Hi! I’m Gen Sohr, and I love all things vintage, from Bertoia chairs to Bakelite bracelets. I’m the co-founder (with my darling husband Benjamin) and creative principal for Pencil & Paper Development Co., in Nashville. We renovate old houses, build new ones, and even remake retail stores—anything in need of some creative reimagining.
Here are my favorite rules for when you should go vintage—and when it’s best to buy new. I don’t ever want my spaces to feel like a museum, or as if I am trying to recreate a particular era. It’s about the mix: Old and new together is what I find most interesting.
Truly, I am addicted to the hunt! Nothing compares to spending the day scouring a good flea market and then coming home and cleaning up your treasures. But the thing about vintage is … it finds you. It’s not usually the piece you were hunting for to complete a particular room. But often, it IS the piece that makes the room!
You have to buy what you love when you find it. I never pass up something that speaks to me simply because I don’t need it. I am a believer in buying things as they find me.
Since I have a retail background, where I was in charge of customer experience in stores like Old Navy and Victoria’s Secret, I start by “merchandising” my vintage pieces. I put them in the best, most visible spots in a room. Then I fill in with new pieces where function dictates (and to keep my spaces from feeling like an actual thrift store).
In our master bedroom, I started with a pair of vintage Asian-inspired Lane bedside tables (in my favorite tomato-red). They are the heroes! I love the mix of these vintage finds with the modern Tolomeo desk lamp for bedside reading. For the bed, I wanted something upholstered for comfort, and I didn’t want to break the bank. We opted to keep it simple with this new neutral linen headboard from West Elm.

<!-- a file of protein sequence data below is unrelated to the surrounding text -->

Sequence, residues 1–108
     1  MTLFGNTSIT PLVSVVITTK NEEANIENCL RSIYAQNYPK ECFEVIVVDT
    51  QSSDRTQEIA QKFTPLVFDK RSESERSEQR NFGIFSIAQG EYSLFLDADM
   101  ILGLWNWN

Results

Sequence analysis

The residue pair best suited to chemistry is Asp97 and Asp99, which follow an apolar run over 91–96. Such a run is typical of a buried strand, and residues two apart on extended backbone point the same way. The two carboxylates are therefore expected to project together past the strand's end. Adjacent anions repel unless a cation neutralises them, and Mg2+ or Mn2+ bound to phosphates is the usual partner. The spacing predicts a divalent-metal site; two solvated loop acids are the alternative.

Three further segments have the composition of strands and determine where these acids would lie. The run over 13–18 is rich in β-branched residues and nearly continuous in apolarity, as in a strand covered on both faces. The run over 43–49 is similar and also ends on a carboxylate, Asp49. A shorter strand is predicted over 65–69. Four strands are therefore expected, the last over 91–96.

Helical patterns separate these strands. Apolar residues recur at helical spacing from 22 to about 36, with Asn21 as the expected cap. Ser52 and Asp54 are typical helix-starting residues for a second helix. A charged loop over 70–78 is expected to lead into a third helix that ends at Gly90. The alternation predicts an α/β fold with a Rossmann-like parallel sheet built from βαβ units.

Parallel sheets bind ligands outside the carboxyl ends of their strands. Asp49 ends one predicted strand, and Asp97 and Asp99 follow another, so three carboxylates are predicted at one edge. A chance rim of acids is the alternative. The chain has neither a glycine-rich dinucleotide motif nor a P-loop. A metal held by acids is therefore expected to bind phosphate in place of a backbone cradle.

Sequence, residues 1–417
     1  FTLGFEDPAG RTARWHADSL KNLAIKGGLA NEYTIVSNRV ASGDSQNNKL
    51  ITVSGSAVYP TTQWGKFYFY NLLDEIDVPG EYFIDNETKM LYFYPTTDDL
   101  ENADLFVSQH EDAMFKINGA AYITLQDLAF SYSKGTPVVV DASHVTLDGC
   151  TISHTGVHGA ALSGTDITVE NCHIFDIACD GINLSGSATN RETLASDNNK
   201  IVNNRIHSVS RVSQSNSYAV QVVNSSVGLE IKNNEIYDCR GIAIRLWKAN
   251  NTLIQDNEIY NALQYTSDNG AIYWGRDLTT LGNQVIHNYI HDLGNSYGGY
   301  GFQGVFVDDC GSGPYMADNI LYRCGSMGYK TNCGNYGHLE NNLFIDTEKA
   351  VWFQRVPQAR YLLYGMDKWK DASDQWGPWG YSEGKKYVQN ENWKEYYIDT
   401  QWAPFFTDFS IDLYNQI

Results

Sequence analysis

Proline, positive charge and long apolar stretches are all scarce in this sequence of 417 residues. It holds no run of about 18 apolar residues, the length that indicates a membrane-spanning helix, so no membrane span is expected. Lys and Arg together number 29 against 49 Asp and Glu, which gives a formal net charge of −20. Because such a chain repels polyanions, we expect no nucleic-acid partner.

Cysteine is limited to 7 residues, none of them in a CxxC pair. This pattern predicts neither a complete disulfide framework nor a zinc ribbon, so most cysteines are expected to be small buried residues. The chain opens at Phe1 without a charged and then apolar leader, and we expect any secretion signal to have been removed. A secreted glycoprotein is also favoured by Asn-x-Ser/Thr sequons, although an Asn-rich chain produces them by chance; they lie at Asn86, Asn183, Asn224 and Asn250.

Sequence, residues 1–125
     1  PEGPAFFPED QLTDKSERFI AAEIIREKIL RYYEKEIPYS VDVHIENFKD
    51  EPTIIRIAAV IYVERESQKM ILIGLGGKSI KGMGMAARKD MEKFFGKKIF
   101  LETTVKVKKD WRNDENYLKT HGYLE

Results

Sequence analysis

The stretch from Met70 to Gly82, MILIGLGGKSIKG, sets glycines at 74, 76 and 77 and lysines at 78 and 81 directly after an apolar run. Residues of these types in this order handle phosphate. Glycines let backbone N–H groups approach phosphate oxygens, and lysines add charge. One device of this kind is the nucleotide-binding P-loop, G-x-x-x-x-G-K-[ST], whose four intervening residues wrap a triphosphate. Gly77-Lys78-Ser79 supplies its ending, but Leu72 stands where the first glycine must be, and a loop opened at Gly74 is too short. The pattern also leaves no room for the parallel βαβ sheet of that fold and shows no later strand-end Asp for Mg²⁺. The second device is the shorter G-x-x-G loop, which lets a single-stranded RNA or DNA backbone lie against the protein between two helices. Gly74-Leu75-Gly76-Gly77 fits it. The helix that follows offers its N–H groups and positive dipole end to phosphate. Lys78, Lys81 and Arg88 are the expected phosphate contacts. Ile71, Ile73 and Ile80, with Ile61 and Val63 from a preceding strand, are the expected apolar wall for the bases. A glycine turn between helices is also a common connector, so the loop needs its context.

I think every room needs something that just speaks to you. This is my master closet. I wanted the space to be super clean, white, and functional with great natural sunlight. The simple architecture and well-organized cabinetry is the canvas for this space, but it’s the amazing vintage side table and pair of cut-glass mirrors that make it sing! I rarely buy tables or mirrors that are not vintage treasures because I can get a one-of-a-kind look with them. But for window treatments, I choose something simple, unfussy, and new. This Roman shade allows the vintage pieces to stand out. I often use graphic pattern fabrics in fun colors because they keep my vintage finds feeling fresh and young.
Usually, I recommend purchasing new sofas—both for comfort and sanitary reasons. But sometimes a very special vintage sofa just calls your name, and you have to break the rules. This chrome-framed beauty is such an occasion. I had it recovered in a neutral geometric pattern and had the cushions re-wrapped. Now it’s better than new!
When it comes to vintage clothing, I usually keep mine reserved for special occasions. And, like my vintage furniture, I am not scared to tweak the design of the pieces to feel more current (and figure-flattering). The great thing about buying vintage is that it allows you to become part designer, too. When I wear a vintage dress, I always pair it with a modern clean shoe silhouette (new of course) and some great chunky modern jewelry. Again, it’s always about the mix of new and old together.
And sometimes it is just plain OK to fall more on the vintage side of things. In my children’s desk nook, the desks, chairs, and lamps are all flea-market scores, which could be retro overload! But somehow with the introduction of bright modern art pieces and graphic window treatments, it all just works.
That’s the fun of using vintage pieces in your home and wardrobe: There really are NO Rules! Simply follow your heart and have fun!
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